Madidi is a national park in the upper Amazon river basin in Bolivia. Established in 1995, it has an area of 18,958 square kilometres, and, along with the nearby protected areas Manuripi-Heath, Apolobamba, and (across the border in Peru) the Manu Biosphere Reserve, Madidi is part of one of the largest protected areas in the world.
Ranging from the glacier-covered peaks of the high Andes Mountains to the tropical rainforests of the Tuichi River, Madidi and its neighbors are recognized as one of the planet’s most biologically diverse regions.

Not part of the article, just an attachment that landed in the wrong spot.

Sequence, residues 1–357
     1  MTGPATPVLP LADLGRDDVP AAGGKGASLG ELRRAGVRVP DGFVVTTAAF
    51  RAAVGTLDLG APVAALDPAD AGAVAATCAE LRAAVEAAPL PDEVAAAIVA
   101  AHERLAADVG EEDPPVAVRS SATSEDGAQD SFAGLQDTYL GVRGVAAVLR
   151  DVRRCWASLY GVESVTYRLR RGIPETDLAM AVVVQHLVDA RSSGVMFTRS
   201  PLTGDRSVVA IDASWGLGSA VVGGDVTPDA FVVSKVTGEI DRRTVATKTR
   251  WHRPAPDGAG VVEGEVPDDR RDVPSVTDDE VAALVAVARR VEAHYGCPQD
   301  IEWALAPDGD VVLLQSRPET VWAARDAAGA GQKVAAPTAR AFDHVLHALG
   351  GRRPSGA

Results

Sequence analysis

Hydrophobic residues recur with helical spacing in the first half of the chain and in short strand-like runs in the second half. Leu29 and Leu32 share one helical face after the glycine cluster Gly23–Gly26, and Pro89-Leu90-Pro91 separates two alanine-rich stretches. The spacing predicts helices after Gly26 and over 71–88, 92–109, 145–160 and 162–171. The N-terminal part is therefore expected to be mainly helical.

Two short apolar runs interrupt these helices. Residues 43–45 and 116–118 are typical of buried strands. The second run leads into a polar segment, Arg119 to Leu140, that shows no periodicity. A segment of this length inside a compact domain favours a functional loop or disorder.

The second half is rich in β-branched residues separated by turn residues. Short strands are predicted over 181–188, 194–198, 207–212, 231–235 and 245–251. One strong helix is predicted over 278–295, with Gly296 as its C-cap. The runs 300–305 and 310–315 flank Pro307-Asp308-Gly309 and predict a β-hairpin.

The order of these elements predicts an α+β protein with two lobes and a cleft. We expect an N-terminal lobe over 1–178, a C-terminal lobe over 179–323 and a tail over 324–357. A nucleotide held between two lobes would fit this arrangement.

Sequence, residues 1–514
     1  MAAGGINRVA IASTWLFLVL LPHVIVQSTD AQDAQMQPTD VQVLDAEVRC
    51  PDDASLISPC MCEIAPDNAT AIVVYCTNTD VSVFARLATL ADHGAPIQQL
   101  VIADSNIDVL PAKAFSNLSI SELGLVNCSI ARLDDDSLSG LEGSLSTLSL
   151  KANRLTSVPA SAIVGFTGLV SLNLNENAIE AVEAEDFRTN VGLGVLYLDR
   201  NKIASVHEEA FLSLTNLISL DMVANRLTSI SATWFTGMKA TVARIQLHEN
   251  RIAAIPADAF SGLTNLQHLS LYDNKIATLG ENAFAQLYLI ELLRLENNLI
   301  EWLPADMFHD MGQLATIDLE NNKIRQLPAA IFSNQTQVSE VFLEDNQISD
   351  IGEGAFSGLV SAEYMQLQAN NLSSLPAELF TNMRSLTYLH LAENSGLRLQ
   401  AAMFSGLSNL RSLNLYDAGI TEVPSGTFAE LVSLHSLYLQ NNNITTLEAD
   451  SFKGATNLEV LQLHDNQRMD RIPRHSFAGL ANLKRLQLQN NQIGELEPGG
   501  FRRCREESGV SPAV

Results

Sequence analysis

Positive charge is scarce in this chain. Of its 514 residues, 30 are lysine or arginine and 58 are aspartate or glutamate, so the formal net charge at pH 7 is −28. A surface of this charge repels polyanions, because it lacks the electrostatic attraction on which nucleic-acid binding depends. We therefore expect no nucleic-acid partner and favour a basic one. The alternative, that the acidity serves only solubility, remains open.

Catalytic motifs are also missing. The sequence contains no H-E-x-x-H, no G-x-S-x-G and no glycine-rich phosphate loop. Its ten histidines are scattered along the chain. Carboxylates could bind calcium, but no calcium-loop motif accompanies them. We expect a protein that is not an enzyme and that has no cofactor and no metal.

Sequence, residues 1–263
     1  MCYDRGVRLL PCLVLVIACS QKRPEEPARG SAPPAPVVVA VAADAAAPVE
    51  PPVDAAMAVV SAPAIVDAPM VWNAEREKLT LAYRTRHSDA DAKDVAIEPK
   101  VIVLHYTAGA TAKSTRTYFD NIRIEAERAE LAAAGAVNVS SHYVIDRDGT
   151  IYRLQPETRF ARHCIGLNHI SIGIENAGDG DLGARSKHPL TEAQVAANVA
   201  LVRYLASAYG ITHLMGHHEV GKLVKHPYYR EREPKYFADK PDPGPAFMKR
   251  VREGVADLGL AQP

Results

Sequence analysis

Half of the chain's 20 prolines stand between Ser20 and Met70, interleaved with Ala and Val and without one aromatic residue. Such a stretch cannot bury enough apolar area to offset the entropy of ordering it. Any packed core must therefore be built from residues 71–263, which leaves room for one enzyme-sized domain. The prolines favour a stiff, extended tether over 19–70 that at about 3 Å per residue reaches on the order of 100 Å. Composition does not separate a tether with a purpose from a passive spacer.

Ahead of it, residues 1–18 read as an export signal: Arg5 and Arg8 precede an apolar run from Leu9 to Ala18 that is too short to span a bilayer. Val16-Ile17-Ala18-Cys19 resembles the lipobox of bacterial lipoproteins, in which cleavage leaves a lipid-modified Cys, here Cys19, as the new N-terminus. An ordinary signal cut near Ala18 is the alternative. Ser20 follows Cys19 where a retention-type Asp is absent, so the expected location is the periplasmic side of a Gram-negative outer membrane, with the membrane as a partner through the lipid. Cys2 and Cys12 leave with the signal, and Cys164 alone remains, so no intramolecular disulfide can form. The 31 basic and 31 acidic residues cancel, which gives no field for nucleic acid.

In 1999, photographer Joel Sartore spent a month in the park attempting to capture a few photos of the wild pigs that live in the area.
The first night, Sartore watches a woman pull a fly larvae out of the flesh of her calf, then shrug it off like something that happens all the time. At the end of the first week he gets a flaming rash across his hands and face—from brushing against a moth. One of the guides recounts a time when they stumbled across a pack of wild pigs. They tried to climb into a tree, but the pigs pulled down one man and tore him apart.